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Photo credit:  Bierkade – Valerie Kuypers

As we were riding our bikes from the station to the city centre, we drove by the Dunne Bierkade is one of the most beautiful canals in city centre. When Den Haag was not yet a city and beer making was not permitted, the beer was brought in from Delft via de Bierkade in Den Haag.  Here, it was possible for the beer to be sold by the beer blenders who lived in the Bierkade, the so-called ‘bierstekers’.  Dunne Bierkade was given its name because thin (dun) or light (licht) beer was sold here.   Today the historical buildings, cozy terraces, and yummy food make Dunne Bierkade a favorite part of Den Haag for many.   Clearly, it was too early to stop and have a beer, but this street was so cute and very much reminded me of Delft and after some research, it was for good reason.  Next trip to Den Haag, I’d love to stop here and have some lunch or at least a beer.  


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The King of the Netherlands, Willem-Alexander, goes to work most days in the city center of Den Haag within the Noordeinde Palace.  Anyone walking down the street can admire the palace although you’ll know if the King is in if the flag is raised.  While the Palace is closed to the public (with the exception of four weekends in the summer), you can visit the Palace Gardens.

I think it would be pretty cool to see the royal ceremony on Wednesday mornings.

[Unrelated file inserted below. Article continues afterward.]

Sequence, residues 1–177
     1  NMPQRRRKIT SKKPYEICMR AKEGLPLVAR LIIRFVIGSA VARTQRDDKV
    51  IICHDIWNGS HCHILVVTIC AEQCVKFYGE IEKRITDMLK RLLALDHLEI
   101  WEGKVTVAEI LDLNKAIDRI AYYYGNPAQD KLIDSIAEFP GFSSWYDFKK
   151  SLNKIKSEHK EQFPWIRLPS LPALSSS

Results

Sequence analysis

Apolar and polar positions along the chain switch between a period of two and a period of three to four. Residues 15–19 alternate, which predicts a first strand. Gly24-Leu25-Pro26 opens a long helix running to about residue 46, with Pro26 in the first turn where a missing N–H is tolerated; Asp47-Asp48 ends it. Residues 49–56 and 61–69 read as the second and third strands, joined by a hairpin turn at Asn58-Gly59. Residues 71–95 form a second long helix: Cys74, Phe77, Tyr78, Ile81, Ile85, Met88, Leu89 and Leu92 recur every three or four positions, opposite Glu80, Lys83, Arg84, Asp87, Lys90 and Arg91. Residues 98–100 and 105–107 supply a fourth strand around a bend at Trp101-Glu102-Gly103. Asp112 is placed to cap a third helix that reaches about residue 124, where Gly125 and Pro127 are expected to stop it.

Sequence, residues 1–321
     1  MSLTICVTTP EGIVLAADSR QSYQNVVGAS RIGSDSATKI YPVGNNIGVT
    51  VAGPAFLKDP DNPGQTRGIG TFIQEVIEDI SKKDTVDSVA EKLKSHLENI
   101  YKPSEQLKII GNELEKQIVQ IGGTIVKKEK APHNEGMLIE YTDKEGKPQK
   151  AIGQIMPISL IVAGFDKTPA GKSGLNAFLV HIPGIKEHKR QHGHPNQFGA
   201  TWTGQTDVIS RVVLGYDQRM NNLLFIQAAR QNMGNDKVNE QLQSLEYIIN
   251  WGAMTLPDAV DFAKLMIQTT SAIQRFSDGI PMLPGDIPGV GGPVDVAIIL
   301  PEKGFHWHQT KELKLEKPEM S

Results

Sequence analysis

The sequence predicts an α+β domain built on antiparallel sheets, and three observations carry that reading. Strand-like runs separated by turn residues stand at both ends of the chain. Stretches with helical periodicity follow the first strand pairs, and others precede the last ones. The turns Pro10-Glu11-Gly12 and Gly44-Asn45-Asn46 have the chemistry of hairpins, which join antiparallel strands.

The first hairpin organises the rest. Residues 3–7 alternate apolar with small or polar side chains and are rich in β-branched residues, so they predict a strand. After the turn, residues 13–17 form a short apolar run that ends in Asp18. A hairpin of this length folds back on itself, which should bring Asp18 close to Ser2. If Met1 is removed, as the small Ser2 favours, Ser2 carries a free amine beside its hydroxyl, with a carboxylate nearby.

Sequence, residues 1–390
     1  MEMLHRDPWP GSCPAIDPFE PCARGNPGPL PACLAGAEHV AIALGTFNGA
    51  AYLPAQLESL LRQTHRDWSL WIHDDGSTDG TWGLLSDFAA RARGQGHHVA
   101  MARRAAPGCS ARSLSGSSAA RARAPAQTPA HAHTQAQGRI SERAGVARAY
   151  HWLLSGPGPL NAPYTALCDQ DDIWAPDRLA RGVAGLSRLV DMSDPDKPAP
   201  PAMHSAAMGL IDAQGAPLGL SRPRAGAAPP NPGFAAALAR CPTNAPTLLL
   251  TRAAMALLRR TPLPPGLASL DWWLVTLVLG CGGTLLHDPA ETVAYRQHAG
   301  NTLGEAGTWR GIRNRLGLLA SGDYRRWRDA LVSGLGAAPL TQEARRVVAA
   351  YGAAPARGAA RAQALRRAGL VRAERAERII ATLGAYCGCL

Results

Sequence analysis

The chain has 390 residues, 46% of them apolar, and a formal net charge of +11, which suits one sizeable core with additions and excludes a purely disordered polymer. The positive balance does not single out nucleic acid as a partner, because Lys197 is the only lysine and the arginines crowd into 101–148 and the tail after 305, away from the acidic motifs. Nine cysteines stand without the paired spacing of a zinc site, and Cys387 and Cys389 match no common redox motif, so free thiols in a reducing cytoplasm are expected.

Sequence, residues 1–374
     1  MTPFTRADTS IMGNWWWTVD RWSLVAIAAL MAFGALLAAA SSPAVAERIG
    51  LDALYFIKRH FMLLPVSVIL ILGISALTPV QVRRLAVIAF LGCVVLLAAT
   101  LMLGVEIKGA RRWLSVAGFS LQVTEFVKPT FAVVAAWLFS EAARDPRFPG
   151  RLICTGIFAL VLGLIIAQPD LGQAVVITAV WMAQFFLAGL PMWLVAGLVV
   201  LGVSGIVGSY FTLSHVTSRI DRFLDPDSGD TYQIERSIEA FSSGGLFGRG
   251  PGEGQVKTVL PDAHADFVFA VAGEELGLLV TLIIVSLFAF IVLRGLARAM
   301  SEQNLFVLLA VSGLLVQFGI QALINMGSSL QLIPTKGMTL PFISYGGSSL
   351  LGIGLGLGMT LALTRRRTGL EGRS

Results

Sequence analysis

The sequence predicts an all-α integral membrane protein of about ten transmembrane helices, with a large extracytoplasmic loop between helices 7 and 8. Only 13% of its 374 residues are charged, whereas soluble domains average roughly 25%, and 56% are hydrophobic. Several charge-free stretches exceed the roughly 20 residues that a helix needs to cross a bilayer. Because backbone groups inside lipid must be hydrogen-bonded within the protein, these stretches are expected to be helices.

On Wednesday mornings, HM King Willem-Alexander regularly welcomes new ambassadors who come to present their letters of credence at Noordeinde Palace in The Hague. The new ambassador arrives by state coach early in the morning, escorted by horsemen from the Royal Netherlands Mounted Police. After an honorary salute of four drumrolls, the national anthem of the ambassador’s country is played, followed by an inspection of the guard. Inside, the King awaits the new ambassador. Outside the palace, you can watch the arrival of the coach, listen to the national anthem being played and follow the inspection of the guard – always a special moment in the royal city of The Hague.

Nearby is the Royal Stables, but we only briefly went by on our bikes and there wasn’t much to see.   Not sure the situation if you could tour it, etc.  I doubt it, but it was of course, grand looking.

There are museums in Den Haag, with are well-worth visiting.  This time we didn’t bother as the weather was amazing and we had too much to see, but I’ve highlighted a few – but check here for more in the region.



Art lovers often are surprised to learn that the Girl with the Pearl Earring and the Goldfinch are housed in the Hague rather than Amsterdam.  The Mauritshuis is a museum with over 800 works from the Dutch masters with many Rembrandt and Vermeer paintings.  Be prepared to spend at least a few hours here.   When I checked a few days before, the only time slot we could get was in the late afternoon – so we’re waiting for a return trip back during not so great weather to take in the paintings.

Both famous paintings sometimes go on tour around the world, so check to see if both paintings will be in Den Haag before you’re disappointed if you really want see the Goldfinch or the Girl with the Pearl Earring.



The Escher Museum is housed within the former winter palace of Queen Emma along the beautiful Lange Voorhout. The museum is a mix of royal history as well as personal history related to M.C. Escher, making it a great educational experience for those visiting the Netherlands for the first time.   I’d love to come back here with the kids to see all the crazy optical illusions.  The Museumkaart is not accepted but the prices are not outrageously high – €10 for adults and kids vary depending on age.  A family ticket for 2 adults & 2 kids under 15 is €26.50.


Photo Credit:

UPDATED:  August 22, 2020 – While we didn’t visit on the day of the original post, today we visited the 360-degree cylindrical vista painting of the sea, the dunes, and the fishing village of Scheveningen in 1881 known as